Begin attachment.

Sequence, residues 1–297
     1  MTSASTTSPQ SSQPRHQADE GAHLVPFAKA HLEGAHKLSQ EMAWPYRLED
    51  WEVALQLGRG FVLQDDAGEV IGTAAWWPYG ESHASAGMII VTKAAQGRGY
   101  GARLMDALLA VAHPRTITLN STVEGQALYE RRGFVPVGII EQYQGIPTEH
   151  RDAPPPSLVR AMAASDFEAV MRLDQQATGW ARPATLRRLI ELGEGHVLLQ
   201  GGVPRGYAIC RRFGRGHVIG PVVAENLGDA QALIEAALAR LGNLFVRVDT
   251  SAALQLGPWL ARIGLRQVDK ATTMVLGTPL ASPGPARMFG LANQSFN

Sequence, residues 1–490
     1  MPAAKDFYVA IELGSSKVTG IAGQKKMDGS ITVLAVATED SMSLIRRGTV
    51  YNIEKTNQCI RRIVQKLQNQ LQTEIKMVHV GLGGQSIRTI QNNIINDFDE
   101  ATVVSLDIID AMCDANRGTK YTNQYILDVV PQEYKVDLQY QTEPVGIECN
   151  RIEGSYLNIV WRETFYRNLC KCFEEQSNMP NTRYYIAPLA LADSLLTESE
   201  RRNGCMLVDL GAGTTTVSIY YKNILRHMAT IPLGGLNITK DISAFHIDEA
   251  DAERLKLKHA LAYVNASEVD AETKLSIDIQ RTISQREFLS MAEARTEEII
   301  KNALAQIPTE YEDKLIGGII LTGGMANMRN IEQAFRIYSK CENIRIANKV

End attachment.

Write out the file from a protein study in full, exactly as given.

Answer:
Sequence, residues 1–297
     1  MTSASTTSPQ SSQPRHQADE GAHLVPFAKA HLEGAHKLSQ EMAWPYRLED
    51  WEVALQLGRG FVLQDDAGEV IGTAAWWPYG ESHASAGMII VTKAAQGRGY
   101  GARLMDALLA VAHPRTITLN STVEGQALYE RRGFVPVGII EQYQGIPTEH
   151  RDAPPPSLVR AMAASDFEAV MRLDQQATGW ARPATLRRLI ELGEGHVLLQ
   201  GGVPRGYAIC RRFGRGHVIG PVVAENLGDA QALIEAALAR LGNLFVRVDT
   251  SAALQLGPWL ARIGLRQVDK ATTMVLGTPL ASPGPARMFG LANQSFN

Sequence, residues 1–490
     1  MPAAKDFYVA IELGSSKVTG IAGQKKMDGS ITVLAVATED SMSLIRRGTV
    51  YNIEKTNQCI RRIVQKLQNQ LQTEIKMVHV GLGGQSIRTI QNNIINDFDE
   101  ATVVSLDIID AMCDANRGTK YTNQYILDVV PQEYKVDLQY QTEPVGIECN
   151  RIEGSYLNIV WRETFYRNLC KCFEEQSNMP NTRYYIAPLA LADSLLTESE
   201  RRNGCMLVDL GAGTTTVSIY YKNILRHMAT IPLGGLNITK DISAFHIDEA
   251  DAERLKLKHA LAYVNASEVD AETKLSIDIQ RTISQREFLS MAEARTEEII
   301  KNALAQIPTE YEDKLIGGII LTGGMANMRN IEQAFRIYSK CENIRIANKV